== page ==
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Gerhard Schmidt-Gaden & Tölzer Knabenchor
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Not Harnoncourt but Leonhardt

Hugo Saldias wrote (May 1, 2003):
I just saw a very interesting news about the Bach Fest in Leipzig next month. If you go to: www.bach-leipzig.de/webnew/index4html
and click on the title:

HOEHEPUNKTE DES BACHFESTES 2003

that is the highest event of the bach festival you will see that on may 25 at 5 PM in the St Thomas Church there will be a concert with the famous TÖLZER KNABENCHOR that is the Boys Choir of Tölzer and it will be conducted by Herr Gustav Leonhardt ! Considered a Bach authority. How come Harnoncourt is not there?

Anyway that is all.

Aryeh Oron wrote (May 1, 2003):
[To Hugo Saldias] If you take a look at the page of Tolzer Knabenchor's recordings of Bach's Vocal Works: http://www.bach-cantatas.com/Performers/Tolzer.htm
you will be able to see that this choir recorded with both Harnoncourt & Leonhardt in their joint cantata cycle for Telefunken/Teldec.

Hugo Saldias wrote (May 1, 2003):
[To Aryeh Oron] Thanks, I missed that.Your web site is very informative.

 

Tölzer Knabenchor - A Baroque Debut in America

Boyd Pehrson wrote (July 9, 2003):
Below is a review of the Tolzer Knabenchor at the Boston Early Music Festival last month, written by B_C member Douglas Neslund. Of obvious interest to this group are mention of singers from the Teldec series, and on use of old instruments and boychoirs- the use of both are eminently justified in a programme of Schutz. Thank you Douglas for sharing by way of fine writing.

Douglas Neslund wrote [To Voice of Angels ML] (June 17, 2003):
The Tölzer Knabenchor (Tölz Boys Choir) is the Grammy Award-winning, lifetime achievement of a single man, Gerhard Schmidt-Gaden, and his wife Helga, with the choir's founding in 1956. It was the maestro's intention to recreate original Baroque performance practices with appropriate forces after having worked in his youth under the direction of Kurt Thomas at Leipzig's Thomaskirche, which to this day employs a very large ensemble to present the works of Bach, Schütz, and other worthies. Forty-seven years later, one cannot ignore his ultimate success in achieving this goal. The list of top serious music conductors with which the Tölzers have worked, the major opera houses around the world in which they have performed, and the sheer number of recordings made by this choir already prove they are top drawer. As far as credentials are concerned, they are by far the crPme de la crPme .

But it was with fear-laced enthusiasm that Boston's Early Music Festival organizers agreed that this unique choir of men and boys be presented in the 2003 edition of BEMF in a concert of 16 polyphonic motets drawn from Heinrich Schütz's Geistliche Chormusik (Sacred Choral Music),1648. Festival organizers understandably blanched at the high cost of importing 15 boys and 9 young men, the continuo of two, and five members of Basel-based Concerto Palatino, to perform before an unknown number of paying public. They needn't have worried.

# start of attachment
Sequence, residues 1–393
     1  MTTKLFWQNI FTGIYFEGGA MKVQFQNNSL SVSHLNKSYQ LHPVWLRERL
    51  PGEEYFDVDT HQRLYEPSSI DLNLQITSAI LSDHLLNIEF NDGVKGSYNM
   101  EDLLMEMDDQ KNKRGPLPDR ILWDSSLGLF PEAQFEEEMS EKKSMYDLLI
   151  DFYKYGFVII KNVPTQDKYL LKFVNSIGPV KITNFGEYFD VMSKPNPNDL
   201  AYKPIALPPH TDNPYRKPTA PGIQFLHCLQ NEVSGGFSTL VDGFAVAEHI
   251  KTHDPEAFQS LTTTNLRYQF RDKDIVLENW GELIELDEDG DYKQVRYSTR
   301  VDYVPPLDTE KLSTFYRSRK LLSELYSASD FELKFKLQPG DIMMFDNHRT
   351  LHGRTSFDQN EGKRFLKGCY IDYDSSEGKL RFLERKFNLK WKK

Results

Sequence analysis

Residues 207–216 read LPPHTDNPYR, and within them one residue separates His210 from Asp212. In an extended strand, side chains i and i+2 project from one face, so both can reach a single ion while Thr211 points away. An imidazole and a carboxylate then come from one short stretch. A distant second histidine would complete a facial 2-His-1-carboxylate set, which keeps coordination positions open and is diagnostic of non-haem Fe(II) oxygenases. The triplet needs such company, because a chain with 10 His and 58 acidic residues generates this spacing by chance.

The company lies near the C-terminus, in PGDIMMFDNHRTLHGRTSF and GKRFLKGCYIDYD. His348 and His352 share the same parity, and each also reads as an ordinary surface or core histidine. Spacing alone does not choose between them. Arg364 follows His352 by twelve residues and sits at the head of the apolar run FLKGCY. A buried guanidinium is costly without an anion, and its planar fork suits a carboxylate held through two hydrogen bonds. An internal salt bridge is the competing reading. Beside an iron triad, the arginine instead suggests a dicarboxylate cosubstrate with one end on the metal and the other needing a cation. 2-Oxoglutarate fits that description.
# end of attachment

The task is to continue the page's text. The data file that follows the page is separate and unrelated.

While the recently refurbished 950-seat New England Conservatory Jordan Hall was not packed to the walls this time around, one may expect that tickets for future Tölzer concerts presenting such an historically informed and scintillating program of early music will be in highest demand. The audience of about 800 greeted Maestro Schmidt-Gaden and his troupe with the sort of respect that only a knowing audience will grant. After each selection, their applause was sustained and earnest, stopping only when the conductor turned around to begin the next motet.

Maestro Schmidt-Gaden's approach to music of the Baroque period is as defensible as it is bold, logical as it is balanced, and startling as it is beautiful. An orchestra plays notes; a chorus sings text and notes, and this conductor is adamant that his charges convey not only text, but their clear meaning. If one imagines a continuum between making beautiful tones and choral chords on one end, and the necessity of interrupting such beautiful tone with consonants (German, at that) on the other, then one must go a few steps further in the direction of textual clarity to grasp the dedication of this maestro to delivery of the text and its message. To his insistence on textual clarity, one must add generous heaps of emotional color and a wide palette of dynamics. As a result, some listeners will be disturbed in losing absolutely cohesive choral unity, since the music of the Geistliche Chormusik is mostly contrapuntal, with the text being thrown from section to section like a Baroque beach ball. But when Schütz resolves his motets with powerful eight- to twelve-part chords, this choir sings with incredible beauty of tone, balance and blend. They can do it all.